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How a heavy comforter could treat insomnia and anxiety - The #1 Luxury Dating Site - The #1 Luxury Dating Site

The millions of Americans who frequently suffer through sleepless nights could benefit from using a heavy comforter, research suggests.

Weighted blankets that have been used for decades in therapy for children with developmental disorders and to calm anxious animals but in the last year, new companies have begun marketing them to sleepless adults.

The blankets, which provide pressure similar to a parent swaddling their child, have been clinically proven to provide users with a better nights’ sleep. 

Several pieces of research break down how these blankets could help combat a growing sleeplessness epidemic as well as in treatment of psychological disorders from anxiety to autism to post-traumatic stress disorder (PTSD). 

Research suggests weighted blankets like the one made by Gravity, shown above, can improve sleep quality and potentially be used in treatment of psychological disorders like anxiety

As some 30 percent of Americans get less sleep each night than doctors recommend, many may be on the hunt for new tricks for a more restful night that don’t require powerful and potentially addictive narcotics. 

A 2015 study by Swedish researchers found that a weighted blanket improved sleep quality in insomniacs, evidenced by both objective and subjective measures.

The study explains that weighted blankets providing a ‘cocooning’ feeling that reduced physical arousal, making it easier to fall asleep and stay asleep.

From a neurological standpoint, the pressure stimulation, called proprioceptive input, has been shown to reduce cortisol and increase serotonin and melatonin in the brain, which decreases heart rate and blood pressure.

Cortisol is a hormone that is released during stressful situations. High cortisol levels have been linked to insomnia, anxiety and depression.

Serotonin is a neurotransmitter that helps regulate the body’s sleep-wake cycles and the internal clock. It is commonly called ‘the happy chemical’ as it’s been linked to wellbeing and happiness.

Melatonin is the primary hormone involved in making the body fall asleep and stay asleep. Many Americans take melatonin supplements to treat insomnia.

The sleeplessness epidemic in America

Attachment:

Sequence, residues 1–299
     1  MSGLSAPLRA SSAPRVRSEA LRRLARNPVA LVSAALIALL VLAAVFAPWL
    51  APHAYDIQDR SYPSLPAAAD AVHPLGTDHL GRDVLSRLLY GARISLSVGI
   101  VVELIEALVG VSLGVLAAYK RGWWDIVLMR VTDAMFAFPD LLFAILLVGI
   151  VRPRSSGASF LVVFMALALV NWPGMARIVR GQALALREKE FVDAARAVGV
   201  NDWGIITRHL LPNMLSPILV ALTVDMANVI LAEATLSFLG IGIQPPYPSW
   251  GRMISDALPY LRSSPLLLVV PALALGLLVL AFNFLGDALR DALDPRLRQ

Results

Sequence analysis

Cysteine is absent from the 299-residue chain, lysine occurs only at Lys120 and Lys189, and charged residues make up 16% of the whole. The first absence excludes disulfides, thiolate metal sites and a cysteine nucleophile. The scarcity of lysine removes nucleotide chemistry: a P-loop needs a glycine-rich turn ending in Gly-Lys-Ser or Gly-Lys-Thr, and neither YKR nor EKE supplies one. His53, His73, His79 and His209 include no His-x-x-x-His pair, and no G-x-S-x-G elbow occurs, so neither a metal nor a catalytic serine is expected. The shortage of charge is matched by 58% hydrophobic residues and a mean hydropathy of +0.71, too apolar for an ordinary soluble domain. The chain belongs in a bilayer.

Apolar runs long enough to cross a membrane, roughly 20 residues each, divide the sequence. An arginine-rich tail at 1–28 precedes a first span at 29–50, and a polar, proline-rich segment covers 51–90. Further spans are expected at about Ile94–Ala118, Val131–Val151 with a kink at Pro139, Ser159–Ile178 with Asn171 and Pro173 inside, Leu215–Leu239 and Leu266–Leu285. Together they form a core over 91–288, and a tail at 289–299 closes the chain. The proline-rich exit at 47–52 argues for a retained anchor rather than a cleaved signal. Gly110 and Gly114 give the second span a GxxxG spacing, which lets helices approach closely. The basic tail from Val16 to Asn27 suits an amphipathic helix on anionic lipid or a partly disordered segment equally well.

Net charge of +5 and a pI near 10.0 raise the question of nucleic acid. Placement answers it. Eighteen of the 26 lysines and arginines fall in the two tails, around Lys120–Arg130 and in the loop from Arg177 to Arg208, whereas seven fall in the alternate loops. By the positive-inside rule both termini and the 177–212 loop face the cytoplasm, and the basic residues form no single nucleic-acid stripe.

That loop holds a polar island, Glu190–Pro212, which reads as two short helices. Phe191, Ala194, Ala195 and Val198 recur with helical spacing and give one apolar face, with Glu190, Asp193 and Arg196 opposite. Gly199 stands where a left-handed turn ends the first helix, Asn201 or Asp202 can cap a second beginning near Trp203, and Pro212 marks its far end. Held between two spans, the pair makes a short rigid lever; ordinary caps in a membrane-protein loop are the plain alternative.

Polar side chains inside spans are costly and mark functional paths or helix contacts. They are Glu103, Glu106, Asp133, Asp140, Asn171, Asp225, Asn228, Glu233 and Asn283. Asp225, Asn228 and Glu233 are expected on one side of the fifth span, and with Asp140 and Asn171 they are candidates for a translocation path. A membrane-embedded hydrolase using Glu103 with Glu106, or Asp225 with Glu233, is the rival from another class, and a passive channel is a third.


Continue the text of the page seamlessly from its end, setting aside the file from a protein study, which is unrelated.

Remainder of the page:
According to the American Sleep Association (ASA), 50 to 70 million people in the US suffer from sleep disorders. 

An ASA survey identified common sleep problems in American adults:

  1. Trouble falling asleep at least one night per week – 70 percent 
  2. Snoring – 48 percent
  3. Unintentionally falling asleep during the day at least once in the preceding month – 38 percent 
  4. Short-term insomnia – 30 percent 
  5. Obstructive sleep apnea in men – 24 to 31 percent
  6. Obstructive sleep apnea in women – 9 to 21 percent 
  7. Long-term insomnia – 10 percent 
  8. Nodding off or falling asleep while driving at least once in the preceding month – 5 percent  

Objectively, when participants in the Swedish study used the weighted blanket, they had a calmer night’s sleep, with fewer nighttime movements.

Subjectively, participants reported that using the blanket provided them with a more comfortable, better quality, and more secure sleep.

According to the American Sleep Association (ASA), 50 to 70 million people in the US suffer from sleep disorders. 

The most common specific sleep disorder is insomnia, with 30 percent of adults reporting short term issues and 10 percent report chronic insomnia.

Seventy percent of adults report having trouble falling asleep at least one night per week. 

Not getting enough sleep – seven to nine hours for adults as recommended by the ASA – can decrease productivity during the day and lead to long-term health problems such as diabetes, obesity, and even heart disease.

Additionally, 40 million adults in the US suffer from some form of anxiety which can have similar effects on a person’s health.

A similar study by the University of Massachusetts Amherst published in 2008 tested the effectiveness of a 30lb weighted blanket among 32 participants. 

The data revealed that 63 percent of participants reported lower anxiety after use and 78 percent preferred it as a calming mechanism.

The blanket also lowered electrodermal activity (EDA), the amount of electricity on the skin, by 33 percent. In other studies lower EDA has been linked to higher quality sleep.

Occupational therapist Dr Tina Champagne began using weighted blankets in treatment of adults with mental-health disorders in 1999.

According to Dr Champagne’s website, using a weighted blanket gives patients a way to soothe themselves and stay grounded. 

Among the handful of companies selling the weighted blankets, one called Gravity launched a Kickstarter fundraising campaign for its model in April of last year.  

The campaign, which ended Tuesday, raised $4,729,263, making it one of the top 20 most successful Kickstarters of all time.

The company claimed that the blankets, which are weighted by small plastic pellets, could treat a variety of psychological ailments from insomnia to anxiety to PTSD.

Shortly after the campaign launched, the brand came under fire from sleep experts who said the evidence to support the medical claims was scant.

Additionally, the language violated Kickstarter’s policy and went against FDA recommendations.

The section in question read: ‘The science behind Gravity reveals that it can be used to treat a variety of ailments, including insomnia, post-traumatic stress disorder, obsessive-compulsive disorder, attention deficit hyperactivity disorder, as well as circumstantial stress and prolonged anxiety.’

The company amended the description to say that the blanket could be used to help relieve the ailments rather than to ‘treat’ them and later deleted the section altogether. 


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